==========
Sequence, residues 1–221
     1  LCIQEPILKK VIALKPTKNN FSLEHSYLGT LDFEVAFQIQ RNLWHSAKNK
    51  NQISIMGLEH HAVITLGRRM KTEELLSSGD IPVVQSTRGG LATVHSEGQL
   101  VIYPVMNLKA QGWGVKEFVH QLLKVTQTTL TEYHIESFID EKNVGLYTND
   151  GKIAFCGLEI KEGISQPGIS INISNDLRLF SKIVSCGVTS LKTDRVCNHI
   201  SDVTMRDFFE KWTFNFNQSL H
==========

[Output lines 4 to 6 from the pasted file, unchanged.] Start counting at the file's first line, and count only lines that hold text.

   101  VIYPVMNLKA QGWGVKEFVH QLLKVTQTTL TEYHIESFID EKNVGLYTND
   151  GKIAFCGLEI KEGISQPGIS INISNDLRLF SKIVSCGVTS LKTDRVCNHI
   201  SDVTMRDFFE KWTFNFNQSL H